Wednesday, November 2, 2011

Walking with the Deathly Queer

More than 500 years ago, when the Spanish conquistadors arrived in what they perceived to be the “New World” (México), they encountered the indigenous peoples practicing a ritual that appeared, to them at least, to be creating a mockery out of death. They would keep skulls as trophies that symbolized not only death, but also rebirth. It was a ritual the indigenous people had practiced at for thousands of years. A ritual the Spaniards would try to unsuccessfully to eradicate. A ritual known today as Día de los Muertos, or Day of the Dead.

November 2 is celebrated as el Día de los Muertos in México and various parts of the United States. It is a day that is very close to my heart as I reflect on the lives and legacies of my own deceased loved ones.

We remember our dead, not as gone and lost forever, but a commemorate a day when they can cross into our plane of existence and be in fellowship and memorial with us. Unlike the Spaniards, who viewed death as the end of life, the natives viewed it as the continuation of life. Instead of fearing death, they embraced it. To them, life was a dream and only in death did they become truly awake. And that is what we celebrate today. What a way of queering the dead—and the living.

As a Chicano, I think about the ways in which I turn to my Mesoamerican past as a ceremonial center of knowledge to reintroduce these rituals in a new way today. But also, as a queer person, I think about the ways I can draw on the myth and ritual of the Day of the Dead to also reflect on our queer.

Last week I participated in a Queer Día de los Muertos ritual that opened a space to reflect on our queer dead. I thus offer some of our reflections in conversation with my own thoughts to think about how we are remembering our queer in relation to death today in light of the this historic religious ordeal.

As I reflect on the ordeal of Day of the Dead, I think about it within the context of the borderlands. In our celebrations and the telling of the historical myth of el Día de los Muertos, we emphasize how our dead cross the borders that separate the living and dead through our representations of the calacas, calaveras, altars, etc. But I am reminded, however, of how our queer are forced to cross these same mythological borders of life and death every day. Queers certainly cross borders in the metaphorical sense, but we need to also remember how they cross them in the physical sense.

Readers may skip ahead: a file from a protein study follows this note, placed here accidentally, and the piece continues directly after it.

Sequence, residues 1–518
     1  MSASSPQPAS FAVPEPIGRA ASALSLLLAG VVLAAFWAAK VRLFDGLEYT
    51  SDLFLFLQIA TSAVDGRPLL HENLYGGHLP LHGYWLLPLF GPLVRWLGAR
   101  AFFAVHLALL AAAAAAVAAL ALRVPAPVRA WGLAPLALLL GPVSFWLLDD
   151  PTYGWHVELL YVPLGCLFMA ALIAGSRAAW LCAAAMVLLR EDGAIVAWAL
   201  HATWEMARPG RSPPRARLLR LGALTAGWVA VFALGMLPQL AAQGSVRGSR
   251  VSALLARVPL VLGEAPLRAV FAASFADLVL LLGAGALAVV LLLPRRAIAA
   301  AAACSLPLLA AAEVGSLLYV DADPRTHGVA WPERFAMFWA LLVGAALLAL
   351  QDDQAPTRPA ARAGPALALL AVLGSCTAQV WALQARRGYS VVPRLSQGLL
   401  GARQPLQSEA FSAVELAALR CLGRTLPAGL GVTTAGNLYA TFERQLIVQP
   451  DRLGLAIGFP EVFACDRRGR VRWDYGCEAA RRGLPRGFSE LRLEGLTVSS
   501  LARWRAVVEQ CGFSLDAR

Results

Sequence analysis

This past January I spent time with a group of my colleagues at the U.S./México border in Nogales, right along the Sonoran desert. We were constantly reminded of the high number of deaths that occur in the desert because of the treacherous and harsh conditions of the terrain and climate. The entire idea of border crossing begs the question: “Why did you cross?” As I’ve reflected on this trip before the answer becomes para sobrevivir. Survival becomes the factor by people are motivated to cross. Survival is a term very close our queer experience. I think about the number of LGBTQ individuals that are crossing to escape violence, persecution, condemnation—that are crossing out of necessity in order to survive. But many of them don’t survive. And they go unnamed. Unremembered.

I think about the queer dead that have lost their lives in the pursuit of survival. I think about the queer youth that join the dead as a result of bullying. And I also think about how each of us cross that border of life and death in our own lives and in our own communities. I stand in remembrance of those that are forced to carry the marker of death in the closet, in their churches, in their homes, and in their schools. I think about our HIV-positive brothers and sisters that are stigmatized and overlooked: How are we giving them a death-dealing category? Being queer we sometimes carry that part of us that is dead, even though our bodies are alive. Queer becomes a death-dealing category.

Day of the Dead is not meant to be a solemn ritual. Although, admittedly it is an emotional ordeal as we recall our loved ones, many of whom their deaths were tragic moments in our lives. But we celebrate the living through this ritual—death as a living category. I raise as reflection the question of how we do make queer a living category? How we keep those queer people that couldn't physically survive as living bodies and memories?

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